Fairview Town council again discussed whether the town should discontinue the fluoridation of town water or not as Associated Engineering sent engineer Rudy Chan to do a presentation on fluoridation.

There was no decision and the town continues to look to ratepayers for input.

Chan began by saying he is not an expert on fluoridation and had the information in his presentation compiled by a colleague who had experience as a dental hygienist as well as a passion for dental health.

Fluorine is a naturally occurring element that is present to some degree in all water, for dental health purposes the optimal concentration is 0.7 milligrams per litre (mg/l) with 1.5 mg/l being the maximum acceptable level.

Prolonged exposure to fluoride above 1.5 mg/l can cause fluorosis which is unsightly staining of the teeth. Skeletal fluorosis (a bone disease causing pain and damage to joints) can occur after 10 years of exposure to levels of 10 mg/l.

He also said that fluoridation is recognized as important in preventing tooth decay by 90 national health organizations.

Chan said a number of communities have decided to not fluoridate their water including Athabasca, Grande Prairie, Spirit River, City of Calgary and Slave Lake. Locally, the Town of Manning and M.D. of Northern Lights still add fluoride to their water.

Chan did say that the water treatment plant for Athabasca supplies water to a number of communities, some of which agree with fluoridation and some that don’t but if they come to an agreement the water treatment plant is equipped to begin injection immediately.

Councillor Tony Prybysh asked what the physical hazards of the chemical are for water treatment plant operators – before it is injected into the water supply.

Chan explained that as long as the operators wear the proper personal protective equipment, they are safe handling the chemical.

Councillor Tim Schindel asked what fluoridation costs and Garry Leathem estimated that of the $85,000 spent on chemicals annually, about $8,000 of it goes for fluoridation.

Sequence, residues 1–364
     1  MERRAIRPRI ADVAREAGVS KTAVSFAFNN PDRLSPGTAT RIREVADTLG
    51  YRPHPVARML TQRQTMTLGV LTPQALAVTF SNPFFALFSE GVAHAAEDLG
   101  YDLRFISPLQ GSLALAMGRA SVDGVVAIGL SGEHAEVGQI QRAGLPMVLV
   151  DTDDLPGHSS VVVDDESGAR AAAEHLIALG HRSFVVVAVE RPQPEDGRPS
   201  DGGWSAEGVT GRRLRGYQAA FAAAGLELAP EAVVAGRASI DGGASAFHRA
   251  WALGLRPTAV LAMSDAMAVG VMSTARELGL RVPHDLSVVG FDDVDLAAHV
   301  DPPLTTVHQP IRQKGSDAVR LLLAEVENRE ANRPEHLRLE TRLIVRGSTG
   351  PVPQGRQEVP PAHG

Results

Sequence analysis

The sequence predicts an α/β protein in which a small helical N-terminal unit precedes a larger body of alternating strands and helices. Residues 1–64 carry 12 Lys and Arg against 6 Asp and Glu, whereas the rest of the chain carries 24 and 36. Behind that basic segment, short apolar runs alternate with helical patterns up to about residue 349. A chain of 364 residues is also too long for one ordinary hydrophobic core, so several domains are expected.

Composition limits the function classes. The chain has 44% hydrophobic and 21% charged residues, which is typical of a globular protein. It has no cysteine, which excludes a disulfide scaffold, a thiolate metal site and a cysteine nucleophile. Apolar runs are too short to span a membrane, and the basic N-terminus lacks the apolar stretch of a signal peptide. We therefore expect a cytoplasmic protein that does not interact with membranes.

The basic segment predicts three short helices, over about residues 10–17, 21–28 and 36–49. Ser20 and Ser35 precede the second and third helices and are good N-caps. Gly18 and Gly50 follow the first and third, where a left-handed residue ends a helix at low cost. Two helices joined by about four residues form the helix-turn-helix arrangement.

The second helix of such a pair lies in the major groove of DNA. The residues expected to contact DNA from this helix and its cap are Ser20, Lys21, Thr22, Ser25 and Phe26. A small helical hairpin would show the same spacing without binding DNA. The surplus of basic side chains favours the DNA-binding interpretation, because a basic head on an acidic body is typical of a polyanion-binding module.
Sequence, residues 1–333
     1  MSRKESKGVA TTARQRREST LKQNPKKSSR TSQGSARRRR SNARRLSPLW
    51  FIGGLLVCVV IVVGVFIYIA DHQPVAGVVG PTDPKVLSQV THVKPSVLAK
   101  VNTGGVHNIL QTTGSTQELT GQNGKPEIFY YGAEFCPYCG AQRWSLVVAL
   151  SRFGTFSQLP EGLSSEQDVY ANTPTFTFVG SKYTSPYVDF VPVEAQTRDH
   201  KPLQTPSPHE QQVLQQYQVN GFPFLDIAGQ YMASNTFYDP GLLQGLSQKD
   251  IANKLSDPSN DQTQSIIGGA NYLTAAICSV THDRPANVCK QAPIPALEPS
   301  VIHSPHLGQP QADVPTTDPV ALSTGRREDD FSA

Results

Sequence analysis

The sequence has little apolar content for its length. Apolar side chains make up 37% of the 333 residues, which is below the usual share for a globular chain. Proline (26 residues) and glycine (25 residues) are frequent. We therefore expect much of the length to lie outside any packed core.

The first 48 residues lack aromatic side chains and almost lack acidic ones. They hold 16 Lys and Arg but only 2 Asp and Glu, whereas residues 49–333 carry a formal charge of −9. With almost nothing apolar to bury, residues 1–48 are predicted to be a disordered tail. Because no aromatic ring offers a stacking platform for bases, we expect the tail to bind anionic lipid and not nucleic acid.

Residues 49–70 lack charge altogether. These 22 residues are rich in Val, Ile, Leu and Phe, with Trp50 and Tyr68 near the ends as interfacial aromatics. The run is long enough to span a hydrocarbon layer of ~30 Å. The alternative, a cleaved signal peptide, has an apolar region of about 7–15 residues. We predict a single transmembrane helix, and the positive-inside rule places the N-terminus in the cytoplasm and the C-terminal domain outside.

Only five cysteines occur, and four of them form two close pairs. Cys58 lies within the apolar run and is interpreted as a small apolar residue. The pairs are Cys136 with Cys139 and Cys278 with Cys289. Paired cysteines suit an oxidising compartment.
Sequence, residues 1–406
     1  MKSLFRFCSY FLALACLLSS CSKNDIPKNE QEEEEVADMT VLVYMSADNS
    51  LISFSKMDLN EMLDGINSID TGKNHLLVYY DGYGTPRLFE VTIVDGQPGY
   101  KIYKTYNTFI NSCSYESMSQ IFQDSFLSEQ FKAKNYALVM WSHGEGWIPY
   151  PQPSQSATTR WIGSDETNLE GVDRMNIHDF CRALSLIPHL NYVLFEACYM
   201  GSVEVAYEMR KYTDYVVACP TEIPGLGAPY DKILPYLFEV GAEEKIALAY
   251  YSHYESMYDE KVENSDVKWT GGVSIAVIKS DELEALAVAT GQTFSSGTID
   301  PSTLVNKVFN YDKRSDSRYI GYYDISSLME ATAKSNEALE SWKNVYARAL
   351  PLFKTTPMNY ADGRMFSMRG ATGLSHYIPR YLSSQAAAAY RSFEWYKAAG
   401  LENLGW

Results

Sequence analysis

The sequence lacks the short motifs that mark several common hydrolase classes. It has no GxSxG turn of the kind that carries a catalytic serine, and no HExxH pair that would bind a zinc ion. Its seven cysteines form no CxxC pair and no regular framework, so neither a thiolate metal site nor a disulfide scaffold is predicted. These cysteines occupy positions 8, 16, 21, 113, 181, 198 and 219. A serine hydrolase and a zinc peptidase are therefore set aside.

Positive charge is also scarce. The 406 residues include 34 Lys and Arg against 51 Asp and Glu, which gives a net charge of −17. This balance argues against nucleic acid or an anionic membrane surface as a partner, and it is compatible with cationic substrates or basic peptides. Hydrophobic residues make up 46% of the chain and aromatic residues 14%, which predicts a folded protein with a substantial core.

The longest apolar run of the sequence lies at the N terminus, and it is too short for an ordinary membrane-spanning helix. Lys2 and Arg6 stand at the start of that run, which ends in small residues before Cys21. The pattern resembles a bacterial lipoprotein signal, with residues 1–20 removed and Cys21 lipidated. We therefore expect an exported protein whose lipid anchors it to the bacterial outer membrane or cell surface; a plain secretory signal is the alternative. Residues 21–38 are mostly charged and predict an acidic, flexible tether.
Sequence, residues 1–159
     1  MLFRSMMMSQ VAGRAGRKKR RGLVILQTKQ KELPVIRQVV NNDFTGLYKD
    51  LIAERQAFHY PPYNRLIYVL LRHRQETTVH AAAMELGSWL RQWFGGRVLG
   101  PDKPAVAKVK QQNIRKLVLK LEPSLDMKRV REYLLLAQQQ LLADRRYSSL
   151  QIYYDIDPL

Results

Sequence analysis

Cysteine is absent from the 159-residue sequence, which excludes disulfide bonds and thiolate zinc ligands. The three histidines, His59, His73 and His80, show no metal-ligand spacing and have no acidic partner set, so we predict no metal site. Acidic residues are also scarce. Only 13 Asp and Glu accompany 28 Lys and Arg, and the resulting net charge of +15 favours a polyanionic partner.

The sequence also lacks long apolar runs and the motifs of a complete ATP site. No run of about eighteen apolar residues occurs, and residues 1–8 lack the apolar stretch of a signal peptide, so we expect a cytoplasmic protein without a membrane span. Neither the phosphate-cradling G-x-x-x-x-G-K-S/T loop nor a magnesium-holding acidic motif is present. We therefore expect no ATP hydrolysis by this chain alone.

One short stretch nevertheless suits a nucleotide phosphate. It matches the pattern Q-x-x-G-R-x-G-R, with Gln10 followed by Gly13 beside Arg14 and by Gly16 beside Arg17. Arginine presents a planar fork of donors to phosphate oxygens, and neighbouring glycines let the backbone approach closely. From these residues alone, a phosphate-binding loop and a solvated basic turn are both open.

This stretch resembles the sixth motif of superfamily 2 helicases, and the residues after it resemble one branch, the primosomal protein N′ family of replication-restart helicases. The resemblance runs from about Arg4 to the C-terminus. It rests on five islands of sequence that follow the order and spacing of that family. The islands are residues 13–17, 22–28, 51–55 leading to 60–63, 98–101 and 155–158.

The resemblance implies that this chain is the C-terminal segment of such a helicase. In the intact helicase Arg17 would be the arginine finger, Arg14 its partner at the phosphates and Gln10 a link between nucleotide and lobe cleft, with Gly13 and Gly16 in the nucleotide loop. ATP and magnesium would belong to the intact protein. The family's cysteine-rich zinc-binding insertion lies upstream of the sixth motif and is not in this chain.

However, he added that water testing to verify the levels can take up to four hours so fluoridation is labour intensive.

Councillor Prybysh said he still did not consider it expensive even adding in the testing costs as the price of poor dental health is something he had seen from the first days of his dental practice.

Council discussed the somewhat strange fact that while it is only too high levels of fluoridation that are a health risk, the town must report itself as non-compliant if the level of fluoride in the water goes too low or too high.

Presently, town administration is trying to get the town water license modified to allow them to shut the fluoride injection system off if they are having problems getting it at the proper level rather than reporting the system as being non-compliant.

CAO Larry Davidson said he could try for an amendment to the license so having a low level of fluoride would not be considered being non-compliant.

CAO Larry Davidson presented council with a letter from Alberta Health Services expressing interest in doing a presentation to council about fluoridation and asking to be informed about the process the town is going through to make the decision.

For the moment, town administration will post information on fluoridation on its website or Facebook page and see what kind of responses they get between now and September, at which time they will be holding a public meeting to discuss the question.

For more information, websites provided by Alberta Health include Fluoridation: questions and answers: www.albertahealthservices.ca/5453.asp and Fluoridation: what does science say: www.albertahealthservices.ca/3474.asp.